So is betting the bonus amount 30 times realistic, or will you always close your browser empty handed with nothing to show for on your balance? The answer depends heavily on the payout rate. This percentage represents how much of the money that goes into the casino, is returned to players. In a formula, this is the wins divided by the bets. This percentage is generally a lot higher than most people expect. Casinos aim for a payout rate between 95 and 99 percent. They want to cultivate a long term relationship with happy and social customers, not clear your bank account as soon as you open the door. Note that the payout percentage is an average, not all games are a smooth ride. Some players like big wins, and big losses, while others feel more comfortable losing small, but don't mind winning small either. Casinos also prefer a smooth ride, especially when it comes to bonuses. They might even tweak games to have less aggressive, more equally distributed wins when bonus money is in play.

Now let's look at how much money would be left on our balance when we try to clear a Playthrough Bonus of 10 euro with a playthrough of 30 and a payout percentage of 98.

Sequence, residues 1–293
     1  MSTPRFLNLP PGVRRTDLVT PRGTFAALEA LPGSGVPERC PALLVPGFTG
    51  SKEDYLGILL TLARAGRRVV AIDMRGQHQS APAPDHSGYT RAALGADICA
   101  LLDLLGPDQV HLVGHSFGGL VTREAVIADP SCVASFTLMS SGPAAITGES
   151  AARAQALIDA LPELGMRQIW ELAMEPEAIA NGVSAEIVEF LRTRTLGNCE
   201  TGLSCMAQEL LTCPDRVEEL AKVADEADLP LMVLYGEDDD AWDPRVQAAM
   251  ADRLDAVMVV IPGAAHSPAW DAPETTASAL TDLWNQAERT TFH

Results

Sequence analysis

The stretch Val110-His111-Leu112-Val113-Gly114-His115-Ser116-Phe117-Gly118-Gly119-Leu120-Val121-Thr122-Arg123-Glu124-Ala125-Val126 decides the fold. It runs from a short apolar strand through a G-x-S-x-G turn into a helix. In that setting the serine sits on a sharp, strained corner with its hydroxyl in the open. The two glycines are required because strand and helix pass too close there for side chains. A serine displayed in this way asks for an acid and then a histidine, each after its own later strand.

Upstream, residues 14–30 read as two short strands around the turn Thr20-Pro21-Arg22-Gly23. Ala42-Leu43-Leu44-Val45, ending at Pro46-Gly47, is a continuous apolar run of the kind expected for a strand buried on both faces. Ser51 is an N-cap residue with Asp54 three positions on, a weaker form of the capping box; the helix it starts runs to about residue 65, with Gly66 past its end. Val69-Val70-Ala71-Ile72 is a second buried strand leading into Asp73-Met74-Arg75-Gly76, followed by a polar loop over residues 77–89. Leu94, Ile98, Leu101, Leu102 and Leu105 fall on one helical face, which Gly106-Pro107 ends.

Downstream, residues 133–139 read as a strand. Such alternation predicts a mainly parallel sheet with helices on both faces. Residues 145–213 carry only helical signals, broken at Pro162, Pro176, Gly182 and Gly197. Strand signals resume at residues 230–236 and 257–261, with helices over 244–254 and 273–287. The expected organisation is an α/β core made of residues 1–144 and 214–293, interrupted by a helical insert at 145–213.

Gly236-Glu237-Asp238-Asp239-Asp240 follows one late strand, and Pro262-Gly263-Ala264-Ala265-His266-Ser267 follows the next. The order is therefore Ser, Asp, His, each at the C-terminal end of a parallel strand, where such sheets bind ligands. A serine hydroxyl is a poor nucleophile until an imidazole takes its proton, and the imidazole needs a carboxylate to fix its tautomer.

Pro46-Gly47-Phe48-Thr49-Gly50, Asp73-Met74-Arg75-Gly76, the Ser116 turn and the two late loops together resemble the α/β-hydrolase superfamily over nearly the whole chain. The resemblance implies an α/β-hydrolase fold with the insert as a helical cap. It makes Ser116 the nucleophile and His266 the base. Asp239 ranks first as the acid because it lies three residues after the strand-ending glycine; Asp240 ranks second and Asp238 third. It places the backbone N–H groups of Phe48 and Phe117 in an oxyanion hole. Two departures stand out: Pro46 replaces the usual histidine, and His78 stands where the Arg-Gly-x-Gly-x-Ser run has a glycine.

I defined two records (excuse my primitive obsession). First a Bonus record that contains an amount, a balance, the total amount of bets and a playthrough. A few functions are associated with the Bonus record; they allow the bonus to be created, to bet, to win, to check if it still accepts bets and to check if the bonus has been cleared. The second record, the GameSettings, define the payout percentage and the stake of a bet.

After defining these structures, I defined a function that recursively keeps playing (bet and win) until either the bonus is cleared, or the bonus no longer accepts bets (out of money).

When we run this function we know the answer to our question. On average, we will clear the bonus with four euro left on our balance.

When we turn down the payout to be one percent lower, we only have 1 euro left on our balance. When we turn it down even more, there won't be anything left.

Given a few parameters which should be available to you (bonus amount, playthrough and even payout percentage), you can calculate how feasible it is to clear a Playthrough Bonus. Unless variance is on your side, I guess it will rarely turn out to be a lucrative grind.